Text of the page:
In celebration of artblog’s 10-year anniversary, we are bringing you posts from past years. In January, 2004, we were viewing different instances of public art in Philadelphia and New York. Libby took issue with Penn’s commissioned work by Jenny Holzer, a far cry from her controversial ‘Truisms,’ while Roberta visited an out-of-order Creative Time installation. Century 21 even had some ‘word art’! ——————————- Corporation makes “art” By libby January 8, 2004 The University of Pennsylvania bought itself a Jenny Holzer. No, that’s not right. The University of Pennsylvania paid Jenny Holzer and put her name on a walkway with benches where ... More » »
News Two on technology – 1. President of RISD John Maeda, featured in a Q&A in Thinking In Practice, the online magazine, says some interesting things about artists and the future. “Technologies are raw forms of enablement; art and design take those technologies and bring commercial and cultural relevance to them. Whether those technologies are an oil-based pigment that dries glossy, or a tubular form of steel that bends easily, or a mechanical platform with 4 tires, or a TV screen that lets you change more than the broadcasting channel, artists and designers are the ones who see the potential in these materials ... More » »
In his wide-ranging talk at Temple Gallery Feb 23, Nato Thompson threw down the gauntlet: Make the arts relevant or they will be pathetic and irrelevant. He asked rhetorically, how can art be relevant when it has to compete daily with the 3000 advertising and other corporate images we are bombarded with. All those ads, logos, and stuff in our visual field, he said, — they have taken over. They own the cultural discussion. “I love Karl Marx,” Thompson threw out there while pacing back and forth in front of his projected slides. While his talk, titled Seeing Power: Art ... More » »
News Lectures and discussions Temple Gallery is offering a lecture with Philadelphia resident and Creative Time curator Nato Thompson on Thursday, Feb. 23 at 7:00 PM. Thompson will speak about his latest book Seeing Power: Art and Activism in the Age of Cultural Production. We at artblog would love a Creative Time organization in Philly, and as it turns out we have the curator right here! Reserve a seat for Nato Thompson’s lecture at http://www.eventbrite.com/event/2826019701 or call 215 777 9138. And in West Philly, artist and independent curator Matheiu Copeland speaks at Kelly Writers House Thursday, Feb. 16, 6pm, about his efforts at subverting ... More » »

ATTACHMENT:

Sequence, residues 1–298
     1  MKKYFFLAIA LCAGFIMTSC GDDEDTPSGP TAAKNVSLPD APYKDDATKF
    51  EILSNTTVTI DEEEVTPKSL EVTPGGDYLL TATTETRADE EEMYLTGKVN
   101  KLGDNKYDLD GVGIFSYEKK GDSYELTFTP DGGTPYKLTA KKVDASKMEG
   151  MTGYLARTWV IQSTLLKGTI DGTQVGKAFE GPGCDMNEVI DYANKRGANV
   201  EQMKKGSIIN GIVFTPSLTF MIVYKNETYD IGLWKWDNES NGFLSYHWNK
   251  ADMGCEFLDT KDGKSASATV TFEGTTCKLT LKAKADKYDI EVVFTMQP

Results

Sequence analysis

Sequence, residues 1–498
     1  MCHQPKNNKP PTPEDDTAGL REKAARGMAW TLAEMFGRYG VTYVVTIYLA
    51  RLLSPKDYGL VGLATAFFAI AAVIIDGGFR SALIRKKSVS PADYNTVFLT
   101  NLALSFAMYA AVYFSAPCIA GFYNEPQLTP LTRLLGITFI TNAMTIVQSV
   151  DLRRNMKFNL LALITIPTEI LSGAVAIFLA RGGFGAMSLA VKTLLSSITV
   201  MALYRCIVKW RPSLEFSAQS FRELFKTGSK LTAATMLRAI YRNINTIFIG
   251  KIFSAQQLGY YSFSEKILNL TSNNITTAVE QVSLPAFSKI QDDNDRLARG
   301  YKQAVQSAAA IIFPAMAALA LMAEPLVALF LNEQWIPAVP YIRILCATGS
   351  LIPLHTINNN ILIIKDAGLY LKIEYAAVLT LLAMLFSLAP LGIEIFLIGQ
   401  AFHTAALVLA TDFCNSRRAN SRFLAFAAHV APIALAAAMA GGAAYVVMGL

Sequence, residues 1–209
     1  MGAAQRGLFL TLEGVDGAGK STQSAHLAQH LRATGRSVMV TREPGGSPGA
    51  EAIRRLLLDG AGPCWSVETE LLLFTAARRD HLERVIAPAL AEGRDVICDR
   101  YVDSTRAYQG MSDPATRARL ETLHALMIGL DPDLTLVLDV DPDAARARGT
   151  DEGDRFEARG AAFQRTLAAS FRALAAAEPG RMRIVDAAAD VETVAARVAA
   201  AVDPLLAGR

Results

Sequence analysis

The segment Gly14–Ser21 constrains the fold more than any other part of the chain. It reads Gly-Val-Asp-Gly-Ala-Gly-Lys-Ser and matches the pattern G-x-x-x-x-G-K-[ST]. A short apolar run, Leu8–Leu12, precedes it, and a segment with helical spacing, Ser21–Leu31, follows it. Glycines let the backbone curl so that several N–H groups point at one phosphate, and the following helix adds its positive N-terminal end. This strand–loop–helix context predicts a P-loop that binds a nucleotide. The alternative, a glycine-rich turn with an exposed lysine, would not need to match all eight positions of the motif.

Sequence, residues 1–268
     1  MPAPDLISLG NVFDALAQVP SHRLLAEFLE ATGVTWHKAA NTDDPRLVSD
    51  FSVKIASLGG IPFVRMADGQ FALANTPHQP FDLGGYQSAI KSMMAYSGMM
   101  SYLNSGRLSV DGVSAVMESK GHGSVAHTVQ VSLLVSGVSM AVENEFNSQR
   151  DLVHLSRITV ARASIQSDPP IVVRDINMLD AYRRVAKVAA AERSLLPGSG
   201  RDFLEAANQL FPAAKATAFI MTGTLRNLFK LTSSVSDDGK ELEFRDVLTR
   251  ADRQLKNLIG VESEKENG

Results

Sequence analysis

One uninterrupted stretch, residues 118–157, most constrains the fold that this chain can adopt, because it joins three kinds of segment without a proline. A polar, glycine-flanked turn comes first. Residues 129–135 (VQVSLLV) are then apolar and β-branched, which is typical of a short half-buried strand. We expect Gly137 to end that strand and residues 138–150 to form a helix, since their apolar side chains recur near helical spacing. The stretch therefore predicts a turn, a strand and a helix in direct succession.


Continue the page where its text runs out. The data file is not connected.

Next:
A number of books and catalogs have come out which concern art with a social and/or political focus. This post looks at two which were recently published in Berlin: Art and Agenda; Political Art and Activism, Robert Klanten et al, eds. ( Berlin: Gestalten, 2011) ISBN 978-3-89955-342-0 visible; where art leaves its own field and becomes visible as part of something else, a project by Cittadellarte-Fondazione Pistoletto and Fondazione Zegna (Berlin: Sternberg Press, 2010) ISBN 978–1-934105-0
This is a particularly good exhibit to look at as Occupy Philadelphia and Occupy Wall Street continue. There’s little love for corporations in either Murphy’s or Paparone’s works, and yet, and yet, there’s a clear love of production; of doing it yourself; of personal empowerment that’s very 99 percent and quite a bit like what the founding fathers had in mind when they set up personal freedoms for individuals. Nick Paparone – Accents for the Self-Made Man
Creative Time has been one of the most challenging and exciting visual art presenters in the country over its 37-year history, with a record of commissioned projects that have been novel, imaginative and remarkably artistically successful. That’s saying a great deal for an organization that has asked artists to do things they likely haven’t done before, or haven’t done in the proposed circumstances. Furthermore, it has taken art out of its designated venues and presented it to unfiltered, urban audiences. The organization has ferreted out unlikely venues. Some took opportunistic advantage of real estate in transition, such as the ... More » »
Last Friday night Steve, Cate and I ran in to the Whitney Museum to see the Christian Marclay Festival — part exhibition, part performance space and part graffitti-friendly hangout (well, chalk-on-blackboard grafitti anyway). We missed the 7 pm performance but the place was still pretty packed till closing at 9 pm. The museum’s pay what you wish policy on Friday nights is obviously a draw.
Recent art history that describes the 1970s as entirely Minimalist leaves out a lot; the same can be said for the predominantly U.S.-centric view. The Swiss Institute is showing the first solo exhibition of Manon’s, a survey from the 1970s to recent work (through June 30), and it’s an eye-opener.
Movie by Cate Fallon of David Byrne’s Playing the Building Inside the Battery Maritime Building on Fridays, Saturdays and Sundays this summer you can take a turn playing David Bryne‘s interactive, tricked-out antique organ (pull out all the stops and push the foot pedals and all). The sounds made by the organ are not musical notes but sonic tweets, squeeks, clanks, rattles and throaty whoots made by metal attachments and other gizmos the artist attached to the building then hooked up to the organ so the organ “plays” the building when you play the organ. The project reminded me of ... More » »Next Page »